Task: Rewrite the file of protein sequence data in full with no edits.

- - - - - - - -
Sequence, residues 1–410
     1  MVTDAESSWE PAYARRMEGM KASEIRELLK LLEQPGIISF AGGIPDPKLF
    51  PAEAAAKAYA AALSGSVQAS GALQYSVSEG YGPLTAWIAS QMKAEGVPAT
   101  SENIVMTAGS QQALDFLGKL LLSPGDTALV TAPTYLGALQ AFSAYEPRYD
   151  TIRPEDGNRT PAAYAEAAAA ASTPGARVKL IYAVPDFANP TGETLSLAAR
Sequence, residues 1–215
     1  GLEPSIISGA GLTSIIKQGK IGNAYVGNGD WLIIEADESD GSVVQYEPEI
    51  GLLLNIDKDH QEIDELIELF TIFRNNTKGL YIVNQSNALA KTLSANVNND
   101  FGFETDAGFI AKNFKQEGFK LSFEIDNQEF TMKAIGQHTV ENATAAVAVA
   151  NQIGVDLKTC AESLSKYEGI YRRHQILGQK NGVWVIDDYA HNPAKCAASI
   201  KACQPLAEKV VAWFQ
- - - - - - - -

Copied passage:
Sequence, residues 1–410
     1  MVTDAESSWE PAYARRMEGM KASEIRELLK LLEQPGIISF AGGIPDPKLF
    51  PAEAAAKAYA AALSGSVQAS GALQYSVSEG YGPLTAWIAS QMKAEGVPAT
   101  SENIVMTAGS QQALDFLGKL LLSPGDTALV TAPTYLGALQ AFSAYEPRYD
   151  TIRPEDGNRT PAAYAEAAAA ASTPGARVKL IYAVPDFANP TGETLSLAAR
Sequence, residues 1–215
     1  GLEPSIISGA GLTSIIKQGK IGNAYVGNGD WLIIEADESD GSVVQYEPEI
    51  GLLLNIDKDH QEIDELIELF TIFRNNTKGL YIVNQSNALA KTLSANVNND
   101  FGFETDAGFI AKNFKQEGFK LSFEIDNQEF TMKAIGQHTV ENATAAVAVA
   151  NQIGVDLKTC AESLSKYEGI YRRHQILGQK NGVWVIDDYA HNPAKCAASI
   201  KACQPLAEKV VAWFQ